Local doctors warn about dangers of cardiac arrest in young athletes

Javon Craddock - Image via Corey Craddock.PNG

Playing sports is a popular pastime for kids, but now doctors are warning about a growing health risk in young athletes - cardiac arrest.

Doctors in our area say more needs to be done to detect and prevent this for kids.

Coach E'Jay Ward and his Tyner Academy Rams and had a great season, but it was their first without Javon Craddock.

"I definitely felt his spirit and energy in our gym. We had a couple of game winners I knew had to do with Javon," says Coach Ward.

Watching his highlights is still tough. "There wasn't a doubt in my mind. I knew it was going in," he says.

Tragedy struck in May of 2018 while Javon was playing a pickup basketball game.

"Shooting ball with his friends and he sat down and collapsed," says Ward.

Javon died. He suffered from hypertrophic cardiomyopathy (HCM).

Most times, people don't even know they have HCM. It's typically when a wall near the lower chambers of the heart is abnormally thick and affects blood flow into the heart and out of the heart.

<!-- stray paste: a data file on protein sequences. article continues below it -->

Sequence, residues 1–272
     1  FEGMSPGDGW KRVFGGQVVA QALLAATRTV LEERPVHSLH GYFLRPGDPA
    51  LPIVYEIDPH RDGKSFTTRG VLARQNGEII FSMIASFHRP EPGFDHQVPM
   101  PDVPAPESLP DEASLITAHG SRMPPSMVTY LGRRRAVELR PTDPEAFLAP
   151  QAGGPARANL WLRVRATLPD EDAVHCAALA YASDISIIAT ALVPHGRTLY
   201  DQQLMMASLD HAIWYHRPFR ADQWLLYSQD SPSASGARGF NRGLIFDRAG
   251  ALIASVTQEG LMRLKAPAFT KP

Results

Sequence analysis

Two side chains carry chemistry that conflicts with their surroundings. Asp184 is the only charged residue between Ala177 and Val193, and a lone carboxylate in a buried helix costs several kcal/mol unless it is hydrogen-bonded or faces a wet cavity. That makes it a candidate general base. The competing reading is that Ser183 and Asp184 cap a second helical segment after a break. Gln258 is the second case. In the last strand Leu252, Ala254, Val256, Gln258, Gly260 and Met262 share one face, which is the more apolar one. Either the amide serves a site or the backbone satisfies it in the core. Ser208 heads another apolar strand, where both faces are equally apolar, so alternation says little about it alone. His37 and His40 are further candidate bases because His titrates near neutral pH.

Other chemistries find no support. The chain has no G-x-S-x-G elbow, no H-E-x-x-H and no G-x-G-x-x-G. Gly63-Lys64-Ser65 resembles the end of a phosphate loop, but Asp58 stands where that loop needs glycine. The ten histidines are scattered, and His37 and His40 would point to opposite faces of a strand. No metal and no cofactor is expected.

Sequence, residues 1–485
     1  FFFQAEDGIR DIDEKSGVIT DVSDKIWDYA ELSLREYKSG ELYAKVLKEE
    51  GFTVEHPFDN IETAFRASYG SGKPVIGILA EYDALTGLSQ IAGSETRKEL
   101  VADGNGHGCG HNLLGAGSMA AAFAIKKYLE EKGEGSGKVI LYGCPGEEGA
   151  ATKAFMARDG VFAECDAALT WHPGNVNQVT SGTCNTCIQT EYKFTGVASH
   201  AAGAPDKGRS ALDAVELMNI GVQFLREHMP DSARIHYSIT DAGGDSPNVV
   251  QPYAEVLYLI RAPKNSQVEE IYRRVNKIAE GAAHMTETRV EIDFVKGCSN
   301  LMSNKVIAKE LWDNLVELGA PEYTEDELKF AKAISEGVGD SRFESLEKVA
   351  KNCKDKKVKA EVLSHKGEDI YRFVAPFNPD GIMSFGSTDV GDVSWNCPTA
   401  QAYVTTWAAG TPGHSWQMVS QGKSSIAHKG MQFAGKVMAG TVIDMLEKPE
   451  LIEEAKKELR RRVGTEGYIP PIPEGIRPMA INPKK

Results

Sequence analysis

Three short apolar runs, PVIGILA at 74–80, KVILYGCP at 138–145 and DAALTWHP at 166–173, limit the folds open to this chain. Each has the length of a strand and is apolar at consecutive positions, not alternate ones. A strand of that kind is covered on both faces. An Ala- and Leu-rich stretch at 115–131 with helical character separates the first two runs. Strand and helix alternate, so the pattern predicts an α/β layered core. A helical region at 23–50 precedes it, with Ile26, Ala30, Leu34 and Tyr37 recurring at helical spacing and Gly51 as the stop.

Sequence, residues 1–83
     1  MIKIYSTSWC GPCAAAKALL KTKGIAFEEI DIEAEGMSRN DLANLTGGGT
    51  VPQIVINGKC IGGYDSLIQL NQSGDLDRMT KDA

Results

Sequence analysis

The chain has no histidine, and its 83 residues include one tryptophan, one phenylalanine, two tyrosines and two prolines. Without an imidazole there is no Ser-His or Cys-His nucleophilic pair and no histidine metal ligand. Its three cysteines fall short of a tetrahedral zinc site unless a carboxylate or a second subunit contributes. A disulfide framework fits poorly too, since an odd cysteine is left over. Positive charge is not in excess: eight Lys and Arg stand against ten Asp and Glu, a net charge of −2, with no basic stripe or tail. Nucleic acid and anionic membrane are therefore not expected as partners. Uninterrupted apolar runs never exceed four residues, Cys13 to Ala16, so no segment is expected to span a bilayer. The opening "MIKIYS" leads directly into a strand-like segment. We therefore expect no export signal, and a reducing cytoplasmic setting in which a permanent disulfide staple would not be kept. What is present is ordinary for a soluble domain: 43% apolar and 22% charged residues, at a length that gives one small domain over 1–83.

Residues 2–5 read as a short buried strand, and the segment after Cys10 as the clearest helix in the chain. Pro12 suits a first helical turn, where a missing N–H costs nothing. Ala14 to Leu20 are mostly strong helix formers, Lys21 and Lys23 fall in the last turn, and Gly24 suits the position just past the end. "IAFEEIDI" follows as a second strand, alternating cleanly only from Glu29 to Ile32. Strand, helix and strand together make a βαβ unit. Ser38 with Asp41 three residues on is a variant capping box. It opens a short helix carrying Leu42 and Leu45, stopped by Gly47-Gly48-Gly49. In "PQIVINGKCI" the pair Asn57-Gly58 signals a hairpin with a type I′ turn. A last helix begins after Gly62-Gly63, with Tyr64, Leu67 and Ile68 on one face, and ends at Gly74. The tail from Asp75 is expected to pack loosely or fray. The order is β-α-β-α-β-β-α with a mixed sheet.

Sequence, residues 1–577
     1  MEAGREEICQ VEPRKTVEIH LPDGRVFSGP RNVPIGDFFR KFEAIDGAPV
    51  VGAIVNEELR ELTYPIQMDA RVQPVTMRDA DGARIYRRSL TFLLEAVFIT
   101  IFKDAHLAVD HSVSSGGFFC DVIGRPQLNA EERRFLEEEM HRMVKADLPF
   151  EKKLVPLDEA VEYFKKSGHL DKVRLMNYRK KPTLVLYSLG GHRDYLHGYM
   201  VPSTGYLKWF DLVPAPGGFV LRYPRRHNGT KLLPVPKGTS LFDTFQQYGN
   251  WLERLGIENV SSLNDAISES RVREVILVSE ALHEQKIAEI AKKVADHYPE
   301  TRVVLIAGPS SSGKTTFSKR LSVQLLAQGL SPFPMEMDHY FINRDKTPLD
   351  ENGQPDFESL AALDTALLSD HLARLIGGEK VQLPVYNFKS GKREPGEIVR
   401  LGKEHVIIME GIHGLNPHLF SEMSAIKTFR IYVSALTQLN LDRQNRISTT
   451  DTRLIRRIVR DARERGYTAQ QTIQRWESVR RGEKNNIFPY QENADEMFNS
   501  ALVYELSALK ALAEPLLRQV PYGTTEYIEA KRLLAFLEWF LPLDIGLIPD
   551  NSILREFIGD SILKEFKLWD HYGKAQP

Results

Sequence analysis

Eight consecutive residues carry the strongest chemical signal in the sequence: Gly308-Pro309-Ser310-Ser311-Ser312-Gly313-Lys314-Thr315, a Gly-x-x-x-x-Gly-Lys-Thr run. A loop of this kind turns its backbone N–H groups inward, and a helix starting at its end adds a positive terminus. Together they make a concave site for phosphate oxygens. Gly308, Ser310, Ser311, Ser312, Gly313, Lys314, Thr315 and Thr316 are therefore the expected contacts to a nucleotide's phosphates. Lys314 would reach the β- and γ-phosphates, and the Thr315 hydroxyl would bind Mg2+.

According to the American Heart Association, an athlete dies every 72 hours due to sudden cardiac arrest.

Dr. Gerald Johnson says strong screening can prevent tragedy.

"Their pediatrician or some provider ought to be eye-balling kids at least once a year if not more," says Dr. Johnson.

That means getting a cardiac ultrasound and know family history.

"Sending kids for cardiac evaluations where they have symptoms, such as fainting, chest pain or there's a family history of these diseases," says Dr. Johnson.

"Kids are starting and parents are starting to be more responsible for getting those checkups for their child," says Ward.

Coach Ward says he doesn't want to experience anything like this again. "His ceiling was high as far as shooting the ball," says Ward, "I think he would have turned out to be a great young man off the court as well."

Sumner Smith was another victim of cardiac arrest. He was on the swim team at Baylor, but passed away in October 2015 after suffering cardiac arrest in the pool during practice.

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Dr. Johnson says common red flags are dizziness, fainting, or chest pains while exercising.

He stresses getting annual checkups, even if you don't experience symptoms.

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